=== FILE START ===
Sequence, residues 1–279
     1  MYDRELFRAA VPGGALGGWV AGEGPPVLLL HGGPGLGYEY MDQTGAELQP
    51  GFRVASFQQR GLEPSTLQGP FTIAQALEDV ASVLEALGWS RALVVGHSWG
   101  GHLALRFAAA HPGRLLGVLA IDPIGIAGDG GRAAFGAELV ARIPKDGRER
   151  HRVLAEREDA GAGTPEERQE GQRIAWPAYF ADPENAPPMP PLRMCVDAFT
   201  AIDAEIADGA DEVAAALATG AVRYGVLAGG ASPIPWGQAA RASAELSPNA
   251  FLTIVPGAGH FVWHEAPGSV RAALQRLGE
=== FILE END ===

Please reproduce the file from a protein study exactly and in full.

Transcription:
Sequence, residues 1–279
     1  MYDRELFRAA VPGGALGGWV AGEGPPVLLL HGGPGLGYEY MDQTGAELQP
    51  GFRVASFQQR GLEPSTLQGP FTIAQALEDV ASVLEALGWS RALVVGHSWG
   101  GHLALRFAAA HPGRLLGVLA IDPIGIAGDG GRAAFGAELV ARIPKDGRER
   151  HRVLAEREDA GAGTPEERQE GQRIAWPAYF ADPENAPPMP PLRMCVDAFT
   201  AIDAEIADGA DEVAAALATG AVRYGVLAGG ASPIPWGQAA RASAELSPNA
   251  FLTIVPGAGH FVWHEAPGSV RAALQRLGE